Mayor Byron W. Brown’s 2015-16 budget proposal apparently continues his sound budgeting of recent years. The devil’s always in the details, and many of those details should be presented in a series of budget hearings scheduled by the Common Council.
The 2015-16 budget begins July 1, and so far the Council has found much to praise, although there are questions about the city’s new self-insurance plan.
Chief among the positive aspects of Brown’s budget is that it will hold the line on residential property taxes and cut the city’s commercial tax rate. Total spending adds up to $493 million, a decrease of $11 million, or 2.2 percent, from the current fiscal year.
To reach that figure, the budget makes some assumptions about savings that will accrue through the self-insurance program. More details should come to light as the budget process advances.
Brown scored a major achievement in reaching a contract agreement with firefighters a couple of years ago. Some contracts that are still open, chiefly with the police union, but also with blue-collar workers, building inspectors and operating engineers, could impact the budget proposal. To its credit, the city has been preparing by setting aside money each year in the budget, so if a contract is settled there is money in the bank for it. The question is, will it be enough?
The city is fortunate to be benefiting from a downswing in pension contributions because its aging workforce means workers with generous pension benefits are retiring, and being replaced by younger workers in new pension tiers that require a greater contribution by employees.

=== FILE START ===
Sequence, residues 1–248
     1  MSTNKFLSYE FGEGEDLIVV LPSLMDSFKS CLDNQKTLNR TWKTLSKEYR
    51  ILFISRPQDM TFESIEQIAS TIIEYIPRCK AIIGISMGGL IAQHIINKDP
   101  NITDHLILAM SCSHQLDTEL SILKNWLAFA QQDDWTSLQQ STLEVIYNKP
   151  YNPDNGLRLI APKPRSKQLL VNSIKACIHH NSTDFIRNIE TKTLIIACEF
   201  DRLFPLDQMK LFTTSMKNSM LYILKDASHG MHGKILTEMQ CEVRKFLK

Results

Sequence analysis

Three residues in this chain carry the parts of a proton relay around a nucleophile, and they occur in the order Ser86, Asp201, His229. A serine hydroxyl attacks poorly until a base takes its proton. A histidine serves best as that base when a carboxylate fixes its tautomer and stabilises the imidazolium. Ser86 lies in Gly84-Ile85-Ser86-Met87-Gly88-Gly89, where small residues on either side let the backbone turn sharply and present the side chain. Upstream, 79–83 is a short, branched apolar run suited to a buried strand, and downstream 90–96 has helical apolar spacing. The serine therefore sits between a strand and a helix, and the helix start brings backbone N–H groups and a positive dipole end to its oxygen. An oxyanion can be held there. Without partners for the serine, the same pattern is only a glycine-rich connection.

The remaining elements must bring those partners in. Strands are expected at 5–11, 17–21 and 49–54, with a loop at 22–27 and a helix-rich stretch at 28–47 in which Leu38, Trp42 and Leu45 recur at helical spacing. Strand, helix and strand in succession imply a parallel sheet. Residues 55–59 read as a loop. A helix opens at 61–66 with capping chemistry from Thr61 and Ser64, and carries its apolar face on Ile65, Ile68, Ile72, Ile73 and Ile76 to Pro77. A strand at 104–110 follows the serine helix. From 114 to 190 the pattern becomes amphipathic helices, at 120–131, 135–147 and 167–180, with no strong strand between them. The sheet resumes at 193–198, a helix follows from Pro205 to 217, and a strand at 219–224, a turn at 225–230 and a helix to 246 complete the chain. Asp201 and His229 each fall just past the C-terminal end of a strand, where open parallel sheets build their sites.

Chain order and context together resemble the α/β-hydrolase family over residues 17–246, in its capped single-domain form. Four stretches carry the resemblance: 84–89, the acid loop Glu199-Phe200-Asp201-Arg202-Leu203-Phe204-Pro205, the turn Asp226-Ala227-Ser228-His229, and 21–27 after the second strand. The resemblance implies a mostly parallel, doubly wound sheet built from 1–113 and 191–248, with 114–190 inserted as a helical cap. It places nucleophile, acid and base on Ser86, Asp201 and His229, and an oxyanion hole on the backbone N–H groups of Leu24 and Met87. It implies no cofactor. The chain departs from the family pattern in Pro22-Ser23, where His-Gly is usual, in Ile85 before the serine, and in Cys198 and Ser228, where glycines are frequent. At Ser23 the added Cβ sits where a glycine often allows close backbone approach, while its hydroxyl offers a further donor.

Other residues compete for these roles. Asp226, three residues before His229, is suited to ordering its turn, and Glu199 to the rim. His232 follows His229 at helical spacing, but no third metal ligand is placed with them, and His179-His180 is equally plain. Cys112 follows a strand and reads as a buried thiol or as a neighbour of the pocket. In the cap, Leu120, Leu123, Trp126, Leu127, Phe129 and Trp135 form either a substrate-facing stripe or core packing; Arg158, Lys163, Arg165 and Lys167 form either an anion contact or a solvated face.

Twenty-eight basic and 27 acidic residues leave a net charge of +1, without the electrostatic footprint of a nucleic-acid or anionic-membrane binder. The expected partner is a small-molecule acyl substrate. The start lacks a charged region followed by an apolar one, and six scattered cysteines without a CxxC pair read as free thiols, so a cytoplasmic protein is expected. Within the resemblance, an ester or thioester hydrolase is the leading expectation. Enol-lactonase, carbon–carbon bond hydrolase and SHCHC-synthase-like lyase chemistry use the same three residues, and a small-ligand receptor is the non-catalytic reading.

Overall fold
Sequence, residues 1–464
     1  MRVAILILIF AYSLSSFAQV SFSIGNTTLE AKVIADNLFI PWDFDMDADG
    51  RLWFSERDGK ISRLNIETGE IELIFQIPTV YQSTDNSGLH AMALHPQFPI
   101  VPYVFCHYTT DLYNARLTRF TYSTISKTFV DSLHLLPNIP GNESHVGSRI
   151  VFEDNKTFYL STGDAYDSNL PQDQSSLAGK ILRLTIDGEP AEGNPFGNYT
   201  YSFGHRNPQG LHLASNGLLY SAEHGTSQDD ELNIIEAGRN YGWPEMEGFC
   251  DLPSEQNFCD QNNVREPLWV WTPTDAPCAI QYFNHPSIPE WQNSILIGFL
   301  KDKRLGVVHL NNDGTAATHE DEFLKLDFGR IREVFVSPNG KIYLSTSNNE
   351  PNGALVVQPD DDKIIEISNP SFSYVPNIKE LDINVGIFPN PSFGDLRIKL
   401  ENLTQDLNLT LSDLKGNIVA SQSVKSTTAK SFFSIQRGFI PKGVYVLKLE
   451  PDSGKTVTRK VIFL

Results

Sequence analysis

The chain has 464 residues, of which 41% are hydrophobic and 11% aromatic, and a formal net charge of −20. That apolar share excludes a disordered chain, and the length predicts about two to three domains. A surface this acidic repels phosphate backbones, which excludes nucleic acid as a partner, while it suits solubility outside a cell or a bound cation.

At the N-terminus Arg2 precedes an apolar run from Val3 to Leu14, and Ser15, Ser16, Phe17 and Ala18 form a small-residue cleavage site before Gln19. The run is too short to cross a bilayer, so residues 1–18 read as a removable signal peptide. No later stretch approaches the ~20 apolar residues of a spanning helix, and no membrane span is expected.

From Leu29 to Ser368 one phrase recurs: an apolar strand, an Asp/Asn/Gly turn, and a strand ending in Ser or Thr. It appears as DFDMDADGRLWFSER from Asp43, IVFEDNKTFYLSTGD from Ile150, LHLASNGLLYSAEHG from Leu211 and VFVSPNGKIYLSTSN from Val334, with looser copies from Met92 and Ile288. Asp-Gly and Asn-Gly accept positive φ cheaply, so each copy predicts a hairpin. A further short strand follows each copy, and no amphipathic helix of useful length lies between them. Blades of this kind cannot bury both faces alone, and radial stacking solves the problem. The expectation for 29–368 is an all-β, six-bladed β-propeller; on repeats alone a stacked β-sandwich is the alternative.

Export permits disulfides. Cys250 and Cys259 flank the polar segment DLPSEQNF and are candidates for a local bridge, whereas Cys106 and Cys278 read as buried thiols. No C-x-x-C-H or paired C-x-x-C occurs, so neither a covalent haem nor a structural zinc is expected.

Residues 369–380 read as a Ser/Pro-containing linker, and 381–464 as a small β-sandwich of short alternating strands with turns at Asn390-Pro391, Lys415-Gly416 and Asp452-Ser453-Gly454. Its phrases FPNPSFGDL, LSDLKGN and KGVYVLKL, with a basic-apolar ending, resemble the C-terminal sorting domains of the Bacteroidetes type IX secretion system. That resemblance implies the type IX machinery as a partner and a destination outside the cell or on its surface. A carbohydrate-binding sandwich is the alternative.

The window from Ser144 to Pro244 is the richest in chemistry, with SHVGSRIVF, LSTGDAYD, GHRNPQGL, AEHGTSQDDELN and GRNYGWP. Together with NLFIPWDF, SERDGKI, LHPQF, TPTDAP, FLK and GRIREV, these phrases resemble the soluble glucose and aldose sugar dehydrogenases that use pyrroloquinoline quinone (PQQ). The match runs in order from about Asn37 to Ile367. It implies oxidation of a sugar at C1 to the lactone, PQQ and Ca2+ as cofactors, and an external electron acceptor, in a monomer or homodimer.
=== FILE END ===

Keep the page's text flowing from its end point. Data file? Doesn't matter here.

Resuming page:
The city also projects savings in overtime in coming years because more than 100 firefighters are being hired to fill vacancies and replace retirees. In addition to the savings on overtime, these new hires for now will earn less than their predecessors.
Unlike some municipalities, Buffalo did not get involved in the pension amortization option, which would have meant short-term relief from pension payments in exchange for higher long-term costs. It was the fiscally sensible direction for the city.
The budget maintains aid to city schools at its current level. It includes funding to purchase 500 tablet computers for 500 Buffalo Say Yes scholars who graduate from high school and attend college, a budgetary highlight that marks the mayor’s increased attention to city schools.
As the mayor stated, the residential tax rate has been cut 16 percent since 2006, and the commercial rate by 32 percent. His proposal to reduce the commercial tax rate by 2 percent is a nice incentive for qualifying businesses. Brown says the tax cuts are part of a larger policy designed to attract people to live, work and invest in the city.
Such careful budgeting is an important piece of the city’s rebirth now underway.